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10 Surprising Facts About Abortion

Abortion is a medical procedure that terminates an unplanned pregnancy. It is a vital health need for thousands of women, girls, and other pregnant women. There is an estimated one in four pregnancy outcomes resulting from abortion each year in the world. Have a look at these Facts About Abortion!

While the need to have an abortion is widespread but access to legal and safe abortion facilities is not always assured to those that require abortion services.

Access to abortion is among the most controversial globally, and the debate is obscured by misinformation about the real implications of limiting access to this essential medical treatment.

Here are the most important facts about abortion that every person ought to know.

PEOPLE have abortions EVERY DAY, NO MATTER WHAT the law says.

Aborting an unplanned pregnancy is a frequent choice that millions of women make – each year, about a quarter of all pregnancies terminate with an abortion.

Whether abortions are legal, women have to seek out and frequently access abortion services. As per Guttmacher Institute, a Guttmacher Institute, a US-based reproductive health non-profit organization, the rate of abortion is 37 per 1000 people in countries that ban abortion in all cases or allow abortion only in certain circumstances to save the life of a woman and 34 percent of individuals in countries that generally allow abortions and abortion, a distinction that isn’t statistically significant.

If performed by a certified healthcare professional under sanitary circumstances, abortions are among the most secure medical procedures, even safer than childbirth.

However, when governments limit access to abortions and abortion procedures, women turn to unregulated, unsafe abortions, especially those unable to travel to seek private treatment. That brings us to our next issue.

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The criminalization of abortion does not stop abortion. It just makes abortion FEWER SAFE.

The fact that women and girls are prevented from having abortions doesn’t necessarily mean they don’t need an abortion. Therefore, attempts to restrict or ban abortions don’t decrease how many abortions are performed. They only force individuals to look for unsafe abortions.

Unsafe abortions are classified by the World Health Organisation (WHO) as “a procedure to end an unintended pregnancy, carried performed by people who lack the required skills, or in the context that doesn’t conform to minimum medical standards or both.”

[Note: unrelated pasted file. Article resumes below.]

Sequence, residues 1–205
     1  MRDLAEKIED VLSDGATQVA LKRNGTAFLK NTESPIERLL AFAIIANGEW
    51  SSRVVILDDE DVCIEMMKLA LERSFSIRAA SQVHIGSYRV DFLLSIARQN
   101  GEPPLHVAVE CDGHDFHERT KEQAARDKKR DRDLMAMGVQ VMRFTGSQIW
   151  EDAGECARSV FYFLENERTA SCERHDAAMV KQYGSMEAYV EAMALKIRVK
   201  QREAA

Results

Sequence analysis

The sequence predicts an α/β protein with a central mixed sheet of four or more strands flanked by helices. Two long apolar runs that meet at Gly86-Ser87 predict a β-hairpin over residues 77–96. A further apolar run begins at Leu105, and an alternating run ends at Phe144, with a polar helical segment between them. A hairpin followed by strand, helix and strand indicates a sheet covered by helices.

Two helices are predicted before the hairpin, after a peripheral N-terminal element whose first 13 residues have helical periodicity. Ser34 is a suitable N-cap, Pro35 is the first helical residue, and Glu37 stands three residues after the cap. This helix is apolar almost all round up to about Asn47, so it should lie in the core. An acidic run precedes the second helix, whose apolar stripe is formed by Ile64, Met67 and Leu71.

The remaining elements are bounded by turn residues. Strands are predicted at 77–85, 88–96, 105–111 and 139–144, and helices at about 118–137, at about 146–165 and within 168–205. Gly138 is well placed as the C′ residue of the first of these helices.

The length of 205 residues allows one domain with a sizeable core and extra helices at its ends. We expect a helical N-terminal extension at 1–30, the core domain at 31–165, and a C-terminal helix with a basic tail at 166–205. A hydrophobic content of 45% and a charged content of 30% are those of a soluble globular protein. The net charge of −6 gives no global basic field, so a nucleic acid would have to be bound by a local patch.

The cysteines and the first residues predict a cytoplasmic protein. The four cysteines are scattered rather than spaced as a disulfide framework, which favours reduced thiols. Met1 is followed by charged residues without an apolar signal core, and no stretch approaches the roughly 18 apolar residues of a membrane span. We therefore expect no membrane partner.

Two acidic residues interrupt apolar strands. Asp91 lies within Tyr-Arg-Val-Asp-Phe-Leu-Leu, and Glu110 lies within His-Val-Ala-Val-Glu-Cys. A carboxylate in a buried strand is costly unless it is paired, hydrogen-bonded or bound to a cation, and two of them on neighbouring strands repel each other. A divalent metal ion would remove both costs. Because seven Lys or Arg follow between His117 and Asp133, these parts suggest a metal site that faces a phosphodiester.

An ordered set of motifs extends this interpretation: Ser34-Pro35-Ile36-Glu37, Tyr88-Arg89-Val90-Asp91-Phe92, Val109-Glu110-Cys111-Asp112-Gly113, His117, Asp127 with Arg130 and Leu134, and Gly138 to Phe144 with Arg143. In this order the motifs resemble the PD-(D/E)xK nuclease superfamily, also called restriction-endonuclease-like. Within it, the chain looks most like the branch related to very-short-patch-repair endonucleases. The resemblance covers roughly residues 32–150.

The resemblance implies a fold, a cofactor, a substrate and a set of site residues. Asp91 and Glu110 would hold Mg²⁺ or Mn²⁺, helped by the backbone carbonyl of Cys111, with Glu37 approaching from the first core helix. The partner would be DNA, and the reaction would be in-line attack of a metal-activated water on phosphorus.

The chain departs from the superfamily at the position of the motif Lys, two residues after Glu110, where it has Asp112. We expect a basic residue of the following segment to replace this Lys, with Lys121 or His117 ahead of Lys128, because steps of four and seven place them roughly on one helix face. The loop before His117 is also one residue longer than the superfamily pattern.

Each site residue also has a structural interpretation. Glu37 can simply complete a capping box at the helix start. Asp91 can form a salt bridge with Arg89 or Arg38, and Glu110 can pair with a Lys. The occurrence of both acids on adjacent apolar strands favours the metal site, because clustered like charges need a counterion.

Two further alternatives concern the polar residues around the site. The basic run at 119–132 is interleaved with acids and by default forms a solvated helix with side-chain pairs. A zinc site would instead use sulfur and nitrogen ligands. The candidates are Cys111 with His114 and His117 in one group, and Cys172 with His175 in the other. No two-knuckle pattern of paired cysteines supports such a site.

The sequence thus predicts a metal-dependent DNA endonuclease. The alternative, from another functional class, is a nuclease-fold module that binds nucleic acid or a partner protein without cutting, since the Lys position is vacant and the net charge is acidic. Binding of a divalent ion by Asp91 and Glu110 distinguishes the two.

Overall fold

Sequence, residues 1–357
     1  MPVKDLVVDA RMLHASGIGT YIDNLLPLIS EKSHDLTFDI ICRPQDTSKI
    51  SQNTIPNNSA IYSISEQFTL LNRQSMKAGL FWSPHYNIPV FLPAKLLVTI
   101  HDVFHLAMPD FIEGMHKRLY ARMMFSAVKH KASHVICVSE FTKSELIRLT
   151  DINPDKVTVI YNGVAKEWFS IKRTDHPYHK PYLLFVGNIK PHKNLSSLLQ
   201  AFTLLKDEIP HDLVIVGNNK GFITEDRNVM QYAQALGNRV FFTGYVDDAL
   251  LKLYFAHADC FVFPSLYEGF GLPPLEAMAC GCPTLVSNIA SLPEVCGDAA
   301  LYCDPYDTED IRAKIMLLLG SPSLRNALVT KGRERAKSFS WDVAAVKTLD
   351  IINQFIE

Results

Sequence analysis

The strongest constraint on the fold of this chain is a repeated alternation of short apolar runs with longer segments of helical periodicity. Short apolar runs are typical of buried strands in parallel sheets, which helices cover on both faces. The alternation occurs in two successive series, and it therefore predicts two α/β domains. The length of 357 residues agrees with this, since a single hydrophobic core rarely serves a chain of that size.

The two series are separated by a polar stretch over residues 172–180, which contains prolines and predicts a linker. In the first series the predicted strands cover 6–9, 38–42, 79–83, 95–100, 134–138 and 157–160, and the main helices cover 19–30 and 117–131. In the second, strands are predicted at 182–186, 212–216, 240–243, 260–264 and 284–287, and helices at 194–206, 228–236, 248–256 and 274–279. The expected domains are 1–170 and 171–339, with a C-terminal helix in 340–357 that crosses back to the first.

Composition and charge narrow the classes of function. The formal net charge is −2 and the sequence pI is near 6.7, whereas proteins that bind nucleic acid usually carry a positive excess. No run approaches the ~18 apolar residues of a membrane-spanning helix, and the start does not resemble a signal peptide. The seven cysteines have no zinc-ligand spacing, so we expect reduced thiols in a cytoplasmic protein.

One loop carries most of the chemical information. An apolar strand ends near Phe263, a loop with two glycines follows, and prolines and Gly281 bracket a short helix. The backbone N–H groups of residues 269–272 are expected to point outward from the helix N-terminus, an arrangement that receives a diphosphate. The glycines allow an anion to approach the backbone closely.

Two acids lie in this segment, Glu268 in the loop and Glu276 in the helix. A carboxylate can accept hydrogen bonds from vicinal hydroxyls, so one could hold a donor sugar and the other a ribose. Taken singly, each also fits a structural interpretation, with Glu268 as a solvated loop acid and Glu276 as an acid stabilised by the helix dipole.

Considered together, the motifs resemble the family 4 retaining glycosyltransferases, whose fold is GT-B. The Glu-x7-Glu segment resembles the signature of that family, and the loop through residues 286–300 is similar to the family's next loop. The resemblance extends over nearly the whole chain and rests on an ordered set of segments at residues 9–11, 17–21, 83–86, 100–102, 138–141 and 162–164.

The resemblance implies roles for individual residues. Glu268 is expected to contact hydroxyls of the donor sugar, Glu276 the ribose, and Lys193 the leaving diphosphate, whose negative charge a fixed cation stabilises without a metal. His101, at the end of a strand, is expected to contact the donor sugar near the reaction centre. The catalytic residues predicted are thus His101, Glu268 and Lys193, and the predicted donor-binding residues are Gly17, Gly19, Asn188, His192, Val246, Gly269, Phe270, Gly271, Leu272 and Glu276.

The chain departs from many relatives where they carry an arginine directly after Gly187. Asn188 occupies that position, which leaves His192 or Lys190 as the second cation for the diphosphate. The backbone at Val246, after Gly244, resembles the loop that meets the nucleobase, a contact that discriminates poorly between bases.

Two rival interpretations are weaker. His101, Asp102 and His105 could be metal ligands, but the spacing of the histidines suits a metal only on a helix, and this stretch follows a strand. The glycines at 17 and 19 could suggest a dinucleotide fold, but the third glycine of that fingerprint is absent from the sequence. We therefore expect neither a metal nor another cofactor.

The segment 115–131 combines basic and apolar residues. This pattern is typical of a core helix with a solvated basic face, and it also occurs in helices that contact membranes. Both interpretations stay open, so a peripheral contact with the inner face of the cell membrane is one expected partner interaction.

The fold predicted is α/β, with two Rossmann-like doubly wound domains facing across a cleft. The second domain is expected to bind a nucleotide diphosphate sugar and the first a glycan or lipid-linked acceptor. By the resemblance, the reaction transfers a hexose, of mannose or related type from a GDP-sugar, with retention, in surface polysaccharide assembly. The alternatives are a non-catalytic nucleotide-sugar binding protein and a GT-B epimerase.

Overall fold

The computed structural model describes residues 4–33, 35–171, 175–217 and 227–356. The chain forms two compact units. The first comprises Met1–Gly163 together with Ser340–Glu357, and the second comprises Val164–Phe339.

The researchers estimate around 25 million unsafe abortions occur each year, with the overwhelming majority occurring in countries needing assistance.

In contrast to a legally-approved abortion performed by a trained medical professional, unsafe abortions could result in devastating consequences. This is why unsafe abortions are the 3rd leading reason for maternal deaths worldwide and cause five million mostly preventable disabilities, according to WHO

The majority of deaths and injuries from unsafe abortion are preventable.

Injuries and deaths caused by unsafe abortions are avoidable. But such deaths are quite common within countries in which access to safe abortions is either restricted or completely prohibited because most females and girls that require abortion as a result of an unplanned pregnancy aren’t allowed to legally obtain one.

In countries that have such limitations, the law usually permits what is known as narrow exceptions to laws that prohibit abortion. This could apply to the case when a pregnancy is triggered by the incest of a woman or from instances of fatal and severe fetal defect, or when there is a danger to the health or life of the pregnant woman. Only a tiny percentage of abortions happen because of these reasons, which means that most girls and women who are subject to the laws may be forced to undergo unsafe abortions, putting their lives and health at risk.